At this time, there is conflicting and insufficient research to show that long-term health problems have resulted from burn pit exposure. VA continues to study the health of exposed Veterans. The registry is just one of several research projects currently underway.
The high level of fine dust and pollution common in Iraq and Afghanistan may pose a greater danger for respiratory illnesses than exposure to burn pits, according to a 2011 Institute of Medicine report.
3. Registry participation is voluntary.
The Airborne Hazards and Open Burn Pit Registry is a database of information about Veterans and Servicemembers. Participation in the registry is voluntary and will not affect access to VA health care or compensation benefits. Veterans and Servicemembers can use the registry questionnaire to report exposures to airborne hazards (such as smoke from burn pits, oil-well fires, or pollution during deployment), as well as other exposures and health concerns.
The registry helps participants to become more aware of their health, while helping researchers to study the health effects of burn pits andother airborne hazards (e.g., sand, dust, and particulates. The online questionnaire can be used to identify health concerns, guide discussions with a health care provider and document deployment-related exposures.
VA will maintain the security of all information provided in the registry.
VA will determine eligibility for the Airborne Hazards and Open Burn Pit Registry based on deployment information from the Department of Defense (DoD). To be eligible, you must be a Veteran or Servicemember who deployed to contingency operations in the Southwest Asia theater of operations at any time on or after August 2, 1990 (as defined in 38 CFR 3.317(e)(2)), or Afghanistan or Djibouti on or after September 11, 2001. These regions include the following countries, bodies of water, and the airspace above these locations:
- Saudi Arabia
- Gulf of Aden
- Gulf of Oman
- United Arab Emirates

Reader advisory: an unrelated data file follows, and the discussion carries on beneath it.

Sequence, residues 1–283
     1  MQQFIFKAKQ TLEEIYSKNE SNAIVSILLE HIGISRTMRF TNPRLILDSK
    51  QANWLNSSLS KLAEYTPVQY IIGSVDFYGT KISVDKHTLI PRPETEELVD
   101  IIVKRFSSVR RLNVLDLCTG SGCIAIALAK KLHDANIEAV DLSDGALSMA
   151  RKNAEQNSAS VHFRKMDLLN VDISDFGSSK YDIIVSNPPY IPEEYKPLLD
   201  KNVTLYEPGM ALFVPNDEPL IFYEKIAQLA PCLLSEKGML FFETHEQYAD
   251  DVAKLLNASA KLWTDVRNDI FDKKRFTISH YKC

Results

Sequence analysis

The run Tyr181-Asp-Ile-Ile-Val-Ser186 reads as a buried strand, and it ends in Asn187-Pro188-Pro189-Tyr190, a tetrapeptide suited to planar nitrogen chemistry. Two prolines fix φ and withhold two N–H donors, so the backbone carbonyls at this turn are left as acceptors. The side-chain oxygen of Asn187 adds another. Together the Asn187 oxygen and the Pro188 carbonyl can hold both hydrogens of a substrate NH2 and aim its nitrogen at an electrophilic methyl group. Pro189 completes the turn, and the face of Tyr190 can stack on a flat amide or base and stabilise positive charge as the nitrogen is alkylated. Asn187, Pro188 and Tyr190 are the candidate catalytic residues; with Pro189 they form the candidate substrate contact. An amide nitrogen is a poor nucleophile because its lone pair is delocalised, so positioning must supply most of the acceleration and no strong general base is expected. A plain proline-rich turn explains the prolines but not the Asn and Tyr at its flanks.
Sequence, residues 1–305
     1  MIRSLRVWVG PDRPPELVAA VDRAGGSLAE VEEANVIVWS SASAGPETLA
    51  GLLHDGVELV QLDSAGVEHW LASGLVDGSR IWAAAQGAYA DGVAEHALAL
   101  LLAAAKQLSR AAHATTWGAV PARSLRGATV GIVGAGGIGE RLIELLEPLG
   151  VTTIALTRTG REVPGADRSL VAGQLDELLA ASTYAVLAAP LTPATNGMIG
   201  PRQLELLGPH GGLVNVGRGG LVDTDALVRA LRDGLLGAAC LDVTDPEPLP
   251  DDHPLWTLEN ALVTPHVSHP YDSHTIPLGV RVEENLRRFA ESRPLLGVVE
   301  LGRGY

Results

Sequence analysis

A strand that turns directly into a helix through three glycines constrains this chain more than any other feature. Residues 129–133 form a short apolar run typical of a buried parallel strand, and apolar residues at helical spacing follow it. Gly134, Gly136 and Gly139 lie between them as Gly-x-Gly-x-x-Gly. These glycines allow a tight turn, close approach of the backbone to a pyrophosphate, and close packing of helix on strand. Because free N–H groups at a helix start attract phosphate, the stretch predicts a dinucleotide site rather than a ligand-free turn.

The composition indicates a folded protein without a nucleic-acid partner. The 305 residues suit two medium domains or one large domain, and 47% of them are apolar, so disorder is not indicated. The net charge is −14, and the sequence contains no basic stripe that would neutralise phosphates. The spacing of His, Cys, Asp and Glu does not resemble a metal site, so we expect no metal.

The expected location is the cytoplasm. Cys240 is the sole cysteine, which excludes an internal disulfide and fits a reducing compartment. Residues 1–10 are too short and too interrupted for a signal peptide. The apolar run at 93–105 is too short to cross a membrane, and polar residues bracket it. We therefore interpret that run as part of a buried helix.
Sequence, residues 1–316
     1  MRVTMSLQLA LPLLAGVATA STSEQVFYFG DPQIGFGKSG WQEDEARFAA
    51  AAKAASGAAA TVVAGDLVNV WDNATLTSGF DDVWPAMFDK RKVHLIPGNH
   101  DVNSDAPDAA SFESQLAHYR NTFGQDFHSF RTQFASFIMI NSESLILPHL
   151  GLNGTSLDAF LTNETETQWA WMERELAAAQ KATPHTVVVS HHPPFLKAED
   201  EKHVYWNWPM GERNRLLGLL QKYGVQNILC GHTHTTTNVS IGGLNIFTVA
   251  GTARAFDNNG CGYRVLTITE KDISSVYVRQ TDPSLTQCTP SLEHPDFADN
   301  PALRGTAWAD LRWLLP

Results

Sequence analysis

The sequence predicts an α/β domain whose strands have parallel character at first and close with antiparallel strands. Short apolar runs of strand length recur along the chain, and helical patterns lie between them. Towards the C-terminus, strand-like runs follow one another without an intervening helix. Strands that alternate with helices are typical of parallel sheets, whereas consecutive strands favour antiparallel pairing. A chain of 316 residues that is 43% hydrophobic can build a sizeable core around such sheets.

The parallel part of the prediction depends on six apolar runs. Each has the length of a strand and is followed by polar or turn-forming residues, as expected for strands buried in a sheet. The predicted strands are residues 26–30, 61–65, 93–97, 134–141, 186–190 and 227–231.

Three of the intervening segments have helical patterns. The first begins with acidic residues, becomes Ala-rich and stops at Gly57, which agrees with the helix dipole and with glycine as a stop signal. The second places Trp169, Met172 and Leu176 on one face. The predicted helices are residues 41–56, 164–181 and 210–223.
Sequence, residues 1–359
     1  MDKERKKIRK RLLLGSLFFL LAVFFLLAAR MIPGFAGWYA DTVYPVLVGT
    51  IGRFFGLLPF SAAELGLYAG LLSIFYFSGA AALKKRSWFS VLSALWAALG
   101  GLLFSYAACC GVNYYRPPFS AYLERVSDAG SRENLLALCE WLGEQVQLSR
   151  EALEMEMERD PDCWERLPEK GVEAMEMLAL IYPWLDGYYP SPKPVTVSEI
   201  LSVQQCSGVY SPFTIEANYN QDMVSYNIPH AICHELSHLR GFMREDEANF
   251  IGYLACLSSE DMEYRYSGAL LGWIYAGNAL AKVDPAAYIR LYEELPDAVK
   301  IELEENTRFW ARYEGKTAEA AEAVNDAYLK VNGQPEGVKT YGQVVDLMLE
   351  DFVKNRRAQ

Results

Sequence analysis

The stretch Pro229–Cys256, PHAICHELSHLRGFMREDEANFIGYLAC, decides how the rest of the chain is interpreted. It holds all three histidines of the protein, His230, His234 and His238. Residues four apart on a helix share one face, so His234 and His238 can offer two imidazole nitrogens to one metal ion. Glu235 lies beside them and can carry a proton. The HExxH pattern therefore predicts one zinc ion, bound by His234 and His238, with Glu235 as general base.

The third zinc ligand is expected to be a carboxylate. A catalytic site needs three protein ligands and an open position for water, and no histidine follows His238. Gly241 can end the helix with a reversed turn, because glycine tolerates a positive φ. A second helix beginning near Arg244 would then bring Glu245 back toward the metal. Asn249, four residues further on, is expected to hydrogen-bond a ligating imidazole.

- Waters of the Persian Gulf, Arabian Sea, and Red Sea
6. You need a DoD Self-Service Logon Level 2 account to participate.
You may participate in the registry by completing a web-based health questionnaire athttps://veteran.mobilehealth.va.gov/AHBurnPitRegistry. To access the questionnaire, you will need your Department of Defense Self-Service Level 2 logon (DS-Logon). You may apply for a DS-Logon account at https://www.dmdc.osd.mil/appj/dsaccess if you do not already have one. The DS-Logon is a secure, self-service identification that allows active-duty Servicemembers and Veterans to access several websites using a single username and password.
7. You can sign up for the Burn Pit Registry in three easy steps.
Just head here: : https://veteran.mobilehealth.va.gov/AHBurnPitRegistry/#page/home.
Step 1: Check your eligibility.
Step 2: Complete and submit the online questionnaire.
Step 3: Print and save your completed questionnaire for your records.
Veterans who are eligible for the registry are also eligible to obtain an optional no-cost, in-person medical evaluation (note this is not a disability examination).
8. Technical support is available for the registry.
If you are having any problems with registering, you can call the Registry Help Desk from 8 am-8 pm Eastern Time at 1-877-470-5947. Additional help can be found within the Registry Frequently Asked Questions athttps://veteran.mobilehealth.va.gov/AHBurnPitRegistry/index.html#page/faq.
9. Help is already available for health issues at VA.
Medical professionals with expertise in military exposures and health care benefits are available at VA medical centers nationwide. Veterans who are already enrolled in VA health care should talk to their primary care provider. Veterans who are not already enrolled should talk to an Environmental Health Coordinator at the nearest VA medical center. Find a local Environmental Health Coordinator by visiting https://www.publichealth.va.gov/exposures/coordinators.asp or calling 1-877-222-8387. Servicemembers should discuss any concerns or health issues with their health care provider.
10. You can file a claim related to health problems believed to be associated with burn pits.
Veterans may file a claim for disability compensation for health problems they believe are related to exposure to burn pits during military service. VA decides these claims on a case-by-case basis. File a claim online. – See more at:https://www.publichealth.va.gov/PUBLICHEALTH/exposures/burnpits/index.asp#sthash.yU8MHBhU.dpuf
For more information about burn pits and burn pit research head here:https://www.publichealth.va.gov/PUBLICHEALTH/exposures/burnpits/index.asp
For more information about the Burn Pit Registry head here:https://veteran.mobilehealth.va.gov/AHBurnPitRegistry/index.html#page/about
Dr. Paul Ciminera, MD, MPH, is the Director of the Post 9/11-Era Environmental Health Program within the Office of Public Health. He oversaw the design and development of the Airborne Hazards and Open Burn Pit Registry. He is an Army Veteran and a board certified physician in General Preventive Medicine and Occupational Medicine. He currently leads VA’s efforts to develop standard screening and evaluation protocols for Veterans and Servicemembers with exposure concerns after deployment.